PEOPLE: The descendants of Nathaniel “Uncle Nace” Hopkins hold the annual Emancipation Day celebrations in Trappe (Talbot County) since 1867.
PLACE: Globe Poster opened in Baltimore in 1927 to produce show posters for vaudeville acts, carnivals, burlesque and movie theaters.
TRADITION: Jousting is one of the oldest rural traditions of the Mid-Atlantic Region and is the Official State Sport.
PERSON: Rich Smoker is a master decoy carver who lives in Marion (Somerset County).
PLACE: Patterson Bowling Center Duckpin Bowling Lanes (Baltimore City) is the oldest duckpin bowling alley in the world.
TRADITION: The Singing & Praying Bands of Maryland (Eastern and Western Shore) are an African-American devotional/musical tradition that is unique to Delmarva.
PEOPLE: The Carroll County Ramblers are a family bluegrass group based in Taneytown (Carroll County).
PLACE: Sparrows Point Steel Mill and its Communities (Baltimore County), a now-closed steel mill that shaped the lives of hundreds of thousands of steelworkers and community members.
TRADITION: J. Gruber’s Hagers-town Town and Country Almanack (Washington County) is the oldest almanac in the U.S. that is still produced by heirs of the original founder.
PERSON: Wallace M. Yater is a master blacksmith living in Boonsboro (Washington County).
PLACE: Piscataway Homelands: People Culture and Traditions of Prince George’s, Charles and St. Mary’s Counties.
TRADITION: The Oyster Fritters of the Sharptown Firemen’s Carnival (Wicomico County) are an enduring community tradition of the Eastern Shore.
PERSON: Bernard “Lefty” Kreh (Baltimore County) is a master fly fisherman, guide, journalist, photographer and author.
PLACE: Bending Water Park and Indian Water Trails (Somerset County) comprise indigenous landscapes and waterways significant to the history and culture of the Accohannock Indian Tribe of the Lower Eastern Shore.
TRADITION: The Painted Screens of Baltimore is one of the most iconic and well-known living traditions unique to the city.
PERSON: Captain Kermit "Robert Lee" Travers (Dorchester County) is reputedly the only surviving African-American skipjack captain active within the Chesapeake Bay Region.
PLACE: St. Nicholas Greek Orthodox Church (Baltimore) is the main anchor for Greek culture in East Baltimore and is considered the most traditional, conducting services in both Greek and English.
TRADITION: The Marbles Game of the Greater Cumberland Region (Allegany County) is a source of deep community pride. With tournaments dating back nearly a century, games are taught in public schools and local players have won nine National Marbles Championships.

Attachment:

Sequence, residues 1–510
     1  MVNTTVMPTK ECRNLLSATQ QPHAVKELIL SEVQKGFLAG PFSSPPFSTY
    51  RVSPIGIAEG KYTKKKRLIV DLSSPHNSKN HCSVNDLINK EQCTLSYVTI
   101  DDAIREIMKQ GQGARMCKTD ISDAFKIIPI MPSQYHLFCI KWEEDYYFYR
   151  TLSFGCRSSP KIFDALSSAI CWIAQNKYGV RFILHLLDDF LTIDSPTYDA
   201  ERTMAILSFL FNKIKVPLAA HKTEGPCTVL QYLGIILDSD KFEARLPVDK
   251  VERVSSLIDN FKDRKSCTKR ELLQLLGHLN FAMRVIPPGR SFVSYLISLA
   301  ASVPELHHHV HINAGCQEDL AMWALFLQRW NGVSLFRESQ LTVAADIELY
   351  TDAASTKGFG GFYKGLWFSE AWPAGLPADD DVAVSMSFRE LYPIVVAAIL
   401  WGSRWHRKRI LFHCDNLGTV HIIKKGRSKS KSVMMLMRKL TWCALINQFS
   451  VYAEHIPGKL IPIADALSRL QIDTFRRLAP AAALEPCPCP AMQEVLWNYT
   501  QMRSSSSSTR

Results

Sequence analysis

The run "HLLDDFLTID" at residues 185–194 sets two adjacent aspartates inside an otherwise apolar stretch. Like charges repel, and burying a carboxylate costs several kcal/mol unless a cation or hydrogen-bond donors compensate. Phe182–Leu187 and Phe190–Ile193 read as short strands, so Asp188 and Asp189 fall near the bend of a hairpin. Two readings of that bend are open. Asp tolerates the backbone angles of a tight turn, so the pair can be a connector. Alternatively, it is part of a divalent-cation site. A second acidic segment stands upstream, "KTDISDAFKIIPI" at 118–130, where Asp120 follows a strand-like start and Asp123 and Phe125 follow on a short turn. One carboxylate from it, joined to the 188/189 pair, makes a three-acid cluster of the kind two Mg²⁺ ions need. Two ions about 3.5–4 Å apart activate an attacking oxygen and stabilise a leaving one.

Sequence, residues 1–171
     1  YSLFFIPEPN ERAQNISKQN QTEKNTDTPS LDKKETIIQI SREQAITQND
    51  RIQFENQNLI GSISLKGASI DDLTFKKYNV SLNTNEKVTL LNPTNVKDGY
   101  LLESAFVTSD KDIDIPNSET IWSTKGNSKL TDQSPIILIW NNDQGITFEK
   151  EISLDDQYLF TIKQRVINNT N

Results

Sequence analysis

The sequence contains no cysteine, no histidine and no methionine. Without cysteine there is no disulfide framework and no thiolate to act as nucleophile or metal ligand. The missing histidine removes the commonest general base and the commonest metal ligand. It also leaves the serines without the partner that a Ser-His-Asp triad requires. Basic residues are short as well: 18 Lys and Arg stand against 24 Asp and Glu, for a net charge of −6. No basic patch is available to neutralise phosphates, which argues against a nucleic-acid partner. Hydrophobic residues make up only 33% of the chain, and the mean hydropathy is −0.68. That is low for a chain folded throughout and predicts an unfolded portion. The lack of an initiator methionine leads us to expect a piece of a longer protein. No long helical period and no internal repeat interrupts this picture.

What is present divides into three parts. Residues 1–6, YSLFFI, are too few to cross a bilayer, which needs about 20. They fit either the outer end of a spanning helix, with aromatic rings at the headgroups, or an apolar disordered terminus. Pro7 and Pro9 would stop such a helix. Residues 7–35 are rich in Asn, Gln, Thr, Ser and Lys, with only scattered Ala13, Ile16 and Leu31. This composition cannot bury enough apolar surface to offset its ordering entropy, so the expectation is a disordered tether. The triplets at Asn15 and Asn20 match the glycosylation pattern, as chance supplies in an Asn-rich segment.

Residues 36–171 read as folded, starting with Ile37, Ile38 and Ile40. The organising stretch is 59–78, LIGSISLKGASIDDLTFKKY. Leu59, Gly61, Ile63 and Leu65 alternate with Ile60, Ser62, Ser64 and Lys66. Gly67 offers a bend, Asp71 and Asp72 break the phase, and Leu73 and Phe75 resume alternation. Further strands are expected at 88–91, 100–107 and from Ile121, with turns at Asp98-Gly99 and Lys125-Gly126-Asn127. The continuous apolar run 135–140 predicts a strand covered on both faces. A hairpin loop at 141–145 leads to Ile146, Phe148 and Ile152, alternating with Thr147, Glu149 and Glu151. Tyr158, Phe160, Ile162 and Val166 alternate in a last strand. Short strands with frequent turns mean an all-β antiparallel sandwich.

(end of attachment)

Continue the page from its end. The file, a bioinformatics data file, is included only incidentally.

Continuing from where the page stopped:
PERSON: The Sensational Royal Lights (Dorchester County) are the generational gospel quartet of the Elliott family, whose music and ministry are rooted in African-American devotional traditions.
PLACE: Curtis’ Coney Island Famous Weiners (Allegany County) is a century-old restaurant and community gathering space run by generations of the Giatras family in downtown Cumberland.
TRADITION: Stuffed ham (St. Mary’s County) is a regional culinary practice marking holidays, family gatherings, and community events in southern Maryland for hundreds of years.
PERSON: Jay Armsworthy (St. Mary’s County) is the bluegrass musician, promoter, organizer, and radio host whose efforts are known throughout and beyond his native southern Maryland.
PLACE: The Arch Social Club (Baltimore City) has been a central location for generations of African American community and culture in the city since 1912.
TRADITION: The bomba and plena percussion and dance traditions of Puerto Rico are upheld in Maryland through the work of the cultural arts organization Cultura Plenera (Howard County).
PERSON: Rock Howland of Carroll County is a master of Appalachian flatfooting, a mountain dance style that has emerged from a blend of Scots-Irish, African American, and Indigenous solo dance traditions over the past 150 years.
PLACE: The region now known as Dorchester County is the ancestral home of the Nause-Waiwash Band of Indians, descendants of the Nanticoke Indians who have made their home on the Eastern Shore for centuries.
TRADITION: The Black Storytelling tradition is influenced on state and national levels by activities in Baltimore City, where organizations such as the National Association of Black Storytellers and the Griots’ Circle of Maryland steward and participate in African and African American oral traditions.